By Lori Pankonin
I’ve trekked through the fairgrounds on my bike in the early mornings this summer on my way to the track. Quiet. No one else around. Lots of wide open
And then it happens. Fair week approaches. The lights remain on at night.
There are a few people setting up things here and there. What a tremendous amount of organization it takes to plan the layout of the grounds. Every foot of space is mapped out. It’s one thing to have it on paper, but then it all has to fit together as the little fair town forms.
I’ve never really thought that you don’t just start at the end placing one booth for the expo, then move on to the next and the next. Imagine when the first person shows up who’s in the middle. It’s not like you count the storefronts and go to the sixth one over, because it’s just ground space at
that point. Space has to be measured so that there’s enough room left on each side for the designated remaining booths.
Same goes for the carnival. It’s not like you can set up the Ferris wheel, then move it over a few yards to better accommodate another ride or food booth.
I live on the same corner year ‘round. It’s absolutely fascinating to watch the neighborhood suddenly change before my eyes. Campers move in. The rides
and lights illuminate the sky. Vehicles fill the parking lots. The selection of eating establishments in town multiplies. Within days, we have thousands of neighbors.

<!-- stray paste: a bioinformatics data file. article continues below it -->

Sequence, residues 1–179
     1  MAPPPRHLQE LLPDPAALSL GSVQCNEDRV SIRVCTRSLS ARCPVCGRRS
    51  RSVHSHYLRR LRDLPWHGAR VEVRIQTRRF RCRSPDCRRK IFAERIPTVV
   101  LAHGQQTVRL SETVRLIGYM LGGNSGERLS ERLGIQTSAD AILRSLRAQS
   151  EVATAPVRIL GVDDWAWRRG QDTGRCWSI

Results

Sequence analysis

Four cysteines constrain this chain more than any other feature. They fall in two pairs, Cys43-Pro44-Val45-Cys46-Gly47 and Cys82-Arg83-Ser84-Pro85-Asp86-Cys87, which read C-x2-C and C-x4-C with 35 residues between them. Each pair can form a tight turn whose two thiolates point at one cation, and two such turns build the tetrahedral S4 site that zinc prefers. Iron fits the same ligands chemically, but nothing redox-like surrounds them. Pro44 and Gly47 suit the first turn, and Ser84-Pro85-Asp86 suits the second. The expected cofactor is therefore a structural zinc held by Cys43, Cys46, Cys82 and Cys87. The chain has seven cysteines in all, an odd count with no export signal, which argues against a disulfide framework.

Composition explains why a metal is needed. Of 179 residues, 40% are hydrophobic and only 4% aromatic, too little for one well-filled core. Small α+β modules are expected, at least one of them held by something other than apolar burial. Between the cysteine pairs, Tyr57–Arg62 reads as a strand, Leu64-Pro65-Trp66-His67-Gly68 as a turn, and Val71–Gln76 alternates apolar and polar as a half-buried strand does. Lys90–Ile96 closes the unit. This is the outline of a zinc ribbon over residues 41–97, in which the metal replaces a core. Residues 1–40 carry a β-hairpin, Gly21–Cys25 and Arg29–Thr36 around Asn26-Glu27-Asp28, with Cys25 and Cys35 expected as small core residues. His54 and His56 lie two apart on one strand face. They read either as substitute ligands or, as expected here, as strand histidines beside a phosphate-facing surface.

I love the fair. It’s the best place to run into people, some who have come many miles to get there and some who live right here but I never see. I’m always amazed at how the kids grow up. And for some reason it’s at the fair
that I especially notice that.
That’s one thing I love about my volunteer time in the information booth. We see people approach all the way from the entrance. Oh my gosh. Can those kids really be that grown up? He looks exactly like his dad. Isn’t she just a kid herself? Are those all her kids? Wait. She is an adult now. Oh that’s
right. I’m a grandma.
I’m amazed at how some little toddlers are still going strong as the midnight hour approaches. The kiddy rides are still running. Why not? It’s sure a more enjoyable time than in the heat of the afternoon.
And then it happens. The fair is over. Overnight, the skyline changes when the high rises disappear, all packed up and moving on to the next location. Day by day, the grounds return to the wide-open space. It’s quiet.
Sudden change in activity level doesn’t happen only at the fairgrounds. Take an afternoon in front of the school this week. It’s quiet. Sidewalks are empty. The motion begins. School buses approach and fill the driveway.
Parents wait in vehicles to pick up their children. Then the bell rings and zazoooom. It all becomes a buzz.
Doors open. Kids come from all directions, some getting on the bus, some heading down the sidewalk for their walk home, some going back into the building for something they forgot, some finding their bikes, others
climbing aboard the vehicle awaiting them. Vehicles and bodies leave the grounds in all directions. The buses pull out. A few more people make their
way out of the building.
Then in a matter of minutes, it’s quiet again. But only until the next activity. A filled calendar guarantees that the buzz will again return.
Be it fairs, school activities, day care centers, churches, swimming pools, stores, theaters, highways, stadiums. It’s the people who turn the quiet empty atmosphere into a buzz of excitement.